【N.J】 Dear Annie: Hazed teen ought to search counseling – New Jersey News


#Dear #Annie #Hazed #teen #search #counseling

Dear Annie: My grandson was the sufferer of hazing incidents within the locker room at his personal college. It went on for greater than a month. Somebody made movies of elements of it, and all the college noticed the movies.

The perpetrator was requested to withdraw from his college (not expelled). The detective who investigated advised my daughter that he had by no means handled a college so tight-lipped about such an incident. The athletic director apologized to my grandson, however not the coach or the college principal.

The college chaplain talked to my grandson in a brief one-on-one session. Nobody talked to the group members who witnessed it or to their mother and father.

I’m questioning what the protocol could be for one thing like this in public faculties. This occurred over a yr in the past, and just lately my grandson stated he nonetheless thinks about it on daily basis. Do you suppose we should always pursue counseling for him? He’s 15 and a sophomore. He nonetheless wrestles and doesn’t wish to stop. — Involved Grandma

DEAR CONCERNED: The general public college protocols differ from state to state, however this personal college will get an F for dealing with a tough state of affairs. It was cowardly for the coach and principal to not discuss to your son about it.

Hazing is rarely one thing to be taken flippantly and has sadly resulted in dying in some instances. It has been confirmed that it doesn’t construct a group up; the truth is, it does the alternative by creating an environment of worry and disrespectful conduct. An ideal article comes from https://www.ncaa.org/sports activities/2016/9/26/addressing-student-athlete-hazing.aspx, which addresses extra school hazing however has some nice knowledge factors.

So far as nobody talking with the group that witnessed the hazing or the opposite mother and father, that’s stunning. It might be an incredible studying lesson for all concerned — to not punish the child who hazed however to make use of a horrible state of affairs as a possibility to coach the children concerning the risks of hazing. Good on your grandson that he nonetheless desires to wrestle and he has resilience.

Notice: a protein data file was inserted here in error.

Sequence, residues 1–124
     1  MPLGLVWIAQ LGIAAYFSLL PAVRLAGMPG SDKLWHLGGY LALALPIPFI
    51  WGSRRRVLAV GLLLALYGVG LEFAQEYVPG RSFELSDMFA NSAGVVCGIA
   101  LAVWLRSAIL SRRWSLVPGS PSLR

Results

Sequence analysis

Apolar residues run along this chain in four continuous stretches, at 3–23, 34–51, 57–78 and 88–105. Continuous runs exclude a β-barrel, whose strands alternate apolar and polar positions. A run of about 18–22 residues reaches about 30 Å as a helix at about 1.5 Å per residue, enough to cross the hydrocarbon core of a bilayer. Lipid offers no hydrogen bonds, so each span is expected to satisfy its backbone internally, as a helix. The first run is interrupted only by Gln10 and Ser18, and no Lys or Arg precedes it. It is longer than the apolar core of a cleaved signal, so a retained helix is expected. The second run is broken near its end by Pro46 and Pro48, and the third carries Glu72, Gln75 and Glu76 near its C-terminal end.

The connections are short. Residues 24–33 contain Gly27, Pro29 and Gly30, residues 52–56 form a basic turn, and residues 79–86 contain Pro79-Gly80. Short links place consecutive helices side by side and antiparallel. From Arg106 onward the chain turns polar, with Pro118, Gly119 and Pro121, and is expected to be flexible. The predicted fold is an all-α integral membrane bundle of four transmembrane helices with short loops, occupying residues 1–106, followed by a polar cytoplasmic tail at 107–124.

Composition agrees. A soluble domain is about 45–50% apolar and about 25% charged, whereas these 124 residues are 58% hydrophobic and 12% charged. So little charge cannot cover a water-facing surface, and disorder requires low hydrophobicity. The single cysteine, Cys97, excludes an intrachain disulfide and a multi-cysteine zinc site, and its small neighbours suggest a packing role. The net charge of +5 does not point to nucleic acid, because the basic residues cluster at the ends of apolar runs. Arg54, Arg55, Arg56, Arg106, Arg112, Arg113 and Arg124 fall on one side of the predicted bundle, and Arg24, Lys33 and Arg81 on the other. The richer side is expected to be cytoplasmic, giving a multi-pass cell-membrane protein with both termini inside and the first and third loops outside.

It’s troubling that he thinks about it on daily basis. He might be affected by PTSD after going by way of a traumatic occasion. In search of the assistance of a educated counselor may definitely profit him to course of what occurred. I might additionally say that the boy who did the hazing must see a counselor as effectively. Damage folks damage folks, and he clearly has some violent points to work by way of.

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DEAR ANNIE: I’ve just lately learn letters in your column from grieving pet homeowners. Dropping a pet is nearly like dropping a member of the family. I wrote a brief poem concerning the lack of my 14-year-old cat that I hope you’ll share with grieving readers who can also have these emotions.

“At a Loss” by Peggy Ankerman

My kitty crossed the Rainbow Bridge.

I’ve his image on my fridge.

No extra dust upon his paws

No devastation from his claws

My eyes and nostril shall run no extra,

and no extra furballs on the ground.

The litter field is thrown away.

There are not any cat meals payments to pay.

Why do I grieve at kitty’s finish?

The dear cat was my finest pal.

DEAR KITTY BEST FRIEND: Thanks for sharing your touching poem. It’s lovely, and your kitty seems like an incredible cat who was a present to you and your loved ones.

“How Can I Forgive My Cheating Partner?” is out now! Annie Lane’s second anthology — that includes favourite columns on marriage, infidelity, communication and reconciliation — is offered as a paperback and book. Go to for extra data.

Ship your questions for Annie Lane to dearannie@creators.com.

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